We have a big collection of saint peg dolls, a few from a swap, and most from Emmaus Road's subscription service. We use them to play with the dollhouse my father made, and to pray a hands on Litany of Saints! This is especially great for ages 4 and under, as they can begin to recognize the saints and you can talk simply about them. Culturally our toys are total trash, based on media characters you don't actually want your children to imitate. Why not put toys that edify into their hands?
Read Deeper with Your Children
If you are like me, the handful of volumes of saint encyclopedias was all that you knew of for learning about the lives of the saints. We often think small of and for our children, giving them overly simplified, annotated information (about everything) that leaves them bored and unlikely to even retain any of the information they read and hear. After attending a Charlotte Mason Institute conference this past summer, I was inspired to raise the bar when it comes to reading depth for my children! While my son can read any book he wants to, I was keeping our saint study overly simple for my littler ones. Over two months with just 10-20 minutes a day, we read Saint Martin de Porres by Mary Fabyan Windeatt and now my children have a significantly deeper understanding of Saint Martin than I could have ever given them - I didn't know more than a handful of lifeless facts about him before reading either! We can now talk about a number of amazing things that happened to Brother Martin, as the "living book" qualities are abundant in Windeatt's stories. The children absorb the stories and make connections they never could with a list of facts. One evening after the Rosary my six year old asked about the Presentation, and interrupted me when I mentioned Anna. She asked, "Ana, like Saint Martin's mother?" I was in awe that she remembered her name from our read aloud, and refueled into loving this way of sharing the saints with the kids in a deeper way! Currently we are reading a chapter book on Saint Kateri, as we are studying Native Americans for History. Their eyes lit up when we read that she grew up in a wikiup, which they had recently learned about! The art of these connections is impossible with shallow fact paragraphs, and the richness of the knowledge gained is so worth the 10 minutes of reading each day!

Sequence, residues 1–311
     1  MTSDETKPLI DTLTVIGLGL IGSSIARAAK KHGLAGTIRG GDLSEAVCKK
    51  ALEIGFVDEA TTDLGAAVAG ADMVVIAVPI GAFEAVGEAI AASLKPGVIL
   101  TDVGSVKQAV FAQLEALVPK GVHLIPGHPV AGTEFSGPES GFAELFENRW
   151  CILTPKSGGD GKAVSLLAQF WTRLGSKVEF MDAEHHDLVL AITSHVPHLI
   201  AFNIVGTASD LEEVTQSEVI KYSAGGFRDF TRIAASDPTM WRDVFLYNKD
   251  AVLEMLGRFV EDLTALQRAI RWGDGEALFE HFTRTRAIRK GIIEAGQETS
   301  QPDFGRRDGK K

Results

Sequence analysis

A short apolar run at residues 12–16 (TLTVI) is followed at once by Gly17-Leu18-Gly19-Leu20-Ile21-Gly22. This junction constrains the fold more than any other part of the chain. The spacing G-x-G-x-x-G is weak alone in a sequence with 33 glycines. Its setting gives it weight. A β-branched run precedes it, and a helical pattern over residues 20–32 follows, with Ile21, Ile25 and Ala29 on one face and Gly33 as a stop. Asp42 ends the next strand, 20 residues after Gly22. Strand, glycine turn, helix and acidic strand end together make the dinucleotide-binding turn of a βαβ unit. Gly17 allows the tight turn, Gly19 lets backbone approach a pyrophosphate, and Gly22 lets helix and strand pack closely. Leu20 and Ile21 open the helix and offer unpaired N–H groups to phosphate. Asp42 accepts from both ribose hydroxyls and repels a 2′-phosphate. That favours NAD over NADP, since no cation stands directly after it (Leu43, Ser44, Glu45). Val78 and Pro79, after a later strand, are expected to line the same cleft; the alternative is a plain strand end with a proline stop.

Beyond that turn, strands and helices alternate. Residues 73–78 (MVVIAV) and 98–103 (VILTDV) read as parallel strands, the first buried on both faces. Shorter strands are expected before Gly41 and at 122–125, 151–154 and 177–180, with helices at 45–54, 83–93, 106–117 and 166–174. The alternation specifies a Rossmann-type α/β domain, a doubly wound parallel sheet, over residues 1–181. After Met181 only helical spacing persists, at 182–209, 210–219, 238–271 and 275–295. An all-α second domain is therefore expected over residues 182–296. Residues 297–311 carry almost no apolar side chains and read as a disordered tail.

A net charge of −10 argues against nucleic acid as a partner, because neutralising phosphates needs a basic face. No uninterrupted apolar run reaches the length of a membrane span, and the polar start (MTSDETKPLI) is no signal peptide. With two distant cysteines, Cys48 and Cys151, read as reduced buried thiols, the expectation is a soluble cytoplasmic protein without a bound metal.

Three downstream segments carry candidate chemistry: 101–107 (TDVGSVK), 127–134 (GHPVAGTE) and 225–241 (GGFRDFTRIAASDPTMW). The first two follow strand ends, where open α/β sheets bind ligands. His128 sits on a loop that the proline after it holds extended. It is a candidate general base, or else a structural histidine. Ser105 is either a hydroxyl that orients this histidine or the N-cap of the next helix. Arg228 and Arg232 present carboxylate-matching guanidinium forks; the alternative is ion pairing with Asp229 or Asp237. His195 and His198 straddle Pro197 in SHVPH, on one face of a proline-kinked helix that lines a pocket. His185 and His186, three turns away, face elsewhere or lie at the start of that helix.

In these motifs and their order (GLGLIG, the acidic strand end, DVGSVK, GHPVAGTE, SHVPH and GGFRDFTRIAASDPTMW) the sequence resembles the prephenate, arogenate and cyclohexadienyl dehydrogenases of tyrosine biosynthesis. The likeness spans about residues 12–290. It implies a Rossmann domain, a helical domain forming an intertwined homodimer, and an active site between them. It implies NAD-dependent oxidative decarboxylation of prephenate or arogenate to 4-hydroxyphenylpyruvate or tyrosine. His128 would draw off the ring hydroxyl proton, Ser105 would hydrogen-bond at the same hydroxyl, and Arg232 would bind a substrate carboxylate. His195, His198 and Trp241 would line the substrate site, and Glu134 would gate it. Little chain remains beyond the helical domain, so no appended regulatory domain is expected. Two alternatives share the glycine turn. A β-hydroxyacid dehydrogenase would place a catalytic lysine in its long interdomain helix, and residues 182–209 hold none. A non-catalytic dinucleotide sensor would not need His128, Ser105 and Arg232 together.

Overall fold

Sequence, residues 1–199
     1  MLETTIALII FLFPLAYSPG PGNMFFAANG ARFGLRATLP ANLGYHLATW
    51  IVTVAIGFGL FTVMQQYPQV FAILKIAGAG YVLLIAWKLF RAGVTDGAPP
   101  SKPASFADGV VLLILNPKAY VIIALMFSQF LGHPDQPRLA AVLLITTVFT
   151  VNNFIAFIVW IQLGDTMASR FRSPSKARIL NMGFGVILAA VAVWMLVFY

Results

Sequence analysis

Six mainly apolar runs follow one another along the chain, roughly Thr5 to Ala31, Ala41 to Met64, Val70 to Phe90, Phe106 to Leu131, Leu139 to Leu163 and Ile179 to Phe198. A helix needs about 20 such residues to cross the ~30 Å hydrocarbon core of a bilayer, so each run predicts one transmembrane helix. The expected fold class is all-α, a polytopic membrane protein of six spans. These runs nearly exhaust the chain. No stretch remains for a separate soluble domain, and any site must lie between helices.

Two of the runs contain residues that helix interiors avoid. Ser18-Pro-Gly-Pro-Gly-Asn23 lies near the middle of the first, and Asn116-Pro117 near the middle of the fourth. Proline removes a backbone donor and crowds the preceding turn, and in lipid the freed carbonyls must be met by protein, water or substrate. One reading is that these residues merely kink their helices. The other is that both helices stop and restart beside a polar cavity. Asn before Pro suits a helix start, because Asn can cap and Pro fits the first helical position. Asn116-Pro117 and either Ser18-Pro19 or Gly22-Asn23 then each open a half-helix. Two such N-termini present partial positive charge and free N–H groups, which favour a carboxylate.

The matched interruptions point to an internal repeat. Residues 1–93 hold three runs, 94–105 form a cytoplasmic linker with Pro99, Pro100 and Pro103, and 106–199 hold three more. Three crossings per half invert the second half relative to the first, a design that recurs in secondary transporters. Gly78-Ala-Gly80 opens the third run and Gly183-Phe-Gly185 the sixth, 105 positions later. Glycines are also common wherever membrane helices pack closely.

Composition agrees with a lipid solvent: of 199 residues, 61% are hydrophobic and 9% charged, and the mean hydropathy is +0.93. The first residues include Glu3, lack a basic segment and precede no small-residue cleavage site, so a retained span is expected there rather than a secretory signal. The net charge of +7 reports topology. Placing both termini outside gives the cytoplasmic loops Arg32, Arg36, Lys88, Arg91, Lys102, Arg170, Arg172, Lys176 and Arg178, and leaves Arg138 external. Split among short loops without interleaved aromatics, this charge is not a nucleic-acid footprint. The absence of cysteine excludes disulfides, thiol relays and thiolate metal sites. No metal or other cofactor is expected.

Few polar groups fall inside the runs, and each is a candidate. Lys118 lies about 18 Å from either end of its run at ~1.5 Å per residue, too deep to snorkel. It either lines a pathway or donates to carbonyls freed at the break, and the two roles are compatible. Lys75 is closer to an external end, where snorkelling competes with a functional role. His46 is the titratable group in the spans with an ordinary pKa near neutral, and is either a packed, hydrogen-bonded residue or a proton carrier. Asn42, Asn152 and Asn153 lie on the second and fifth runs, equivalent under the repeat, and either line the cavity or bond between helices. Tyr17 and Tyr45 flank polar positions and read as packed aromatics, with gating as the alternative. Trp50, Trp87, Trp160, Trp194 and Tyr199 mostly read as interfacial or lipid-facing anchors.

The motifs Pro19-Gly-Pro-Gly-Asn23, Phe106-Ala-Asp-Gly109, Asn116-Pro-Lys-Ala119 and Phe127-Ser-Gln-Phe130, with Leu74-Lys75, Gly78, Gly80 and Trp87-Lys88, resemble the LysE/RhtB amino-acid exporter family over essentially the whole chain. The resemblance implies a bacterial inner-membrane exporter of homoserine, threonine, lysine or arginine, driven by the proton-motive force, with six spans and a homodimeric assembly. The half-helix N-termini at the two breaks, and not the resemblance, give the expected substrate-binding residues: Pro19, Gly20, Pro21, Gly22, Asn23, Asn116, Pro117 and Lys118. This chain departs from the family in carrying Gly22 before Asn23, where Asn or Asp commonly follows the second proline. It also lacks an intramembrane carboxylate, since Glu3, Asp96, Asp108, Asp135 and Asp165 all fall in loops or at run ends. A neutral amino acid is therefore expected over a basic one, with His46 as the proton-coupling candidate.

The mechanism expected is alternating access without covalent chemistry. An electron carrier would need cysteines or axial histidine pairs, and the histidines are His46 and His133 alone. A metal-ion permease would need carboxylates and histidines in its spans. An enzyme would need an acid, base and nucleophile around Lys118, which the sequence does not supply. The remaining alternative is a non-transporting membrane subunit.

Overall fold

Our new Fishing for Saints game has been wonderful, letting the children play with the saints independently! It's a precious game of "go fish," saint-style. They can play the classic game and love it, and you can use the cards in other fun ways too! The game includes a little book and a set of cards with a simple description on the back, which is *perfect* for playing Guess the Saint! Just like you'd play Guess Who or Headbanz, asking yes or know questions, you try to figure out who your saint is! With the description cards handy, the kids can narrow down which saint they have. My older two have had a blast with this, especially. Games are a fun way to bring the saints into daily living, reminding the children that they are simply part of our lives.
"If they, why not I? If these men and women could become saints, why cannot I with the help of Him who is all powerful?" - Saint Augustine of Hippo
What favorite ways have you found to bring the saints to life in your home?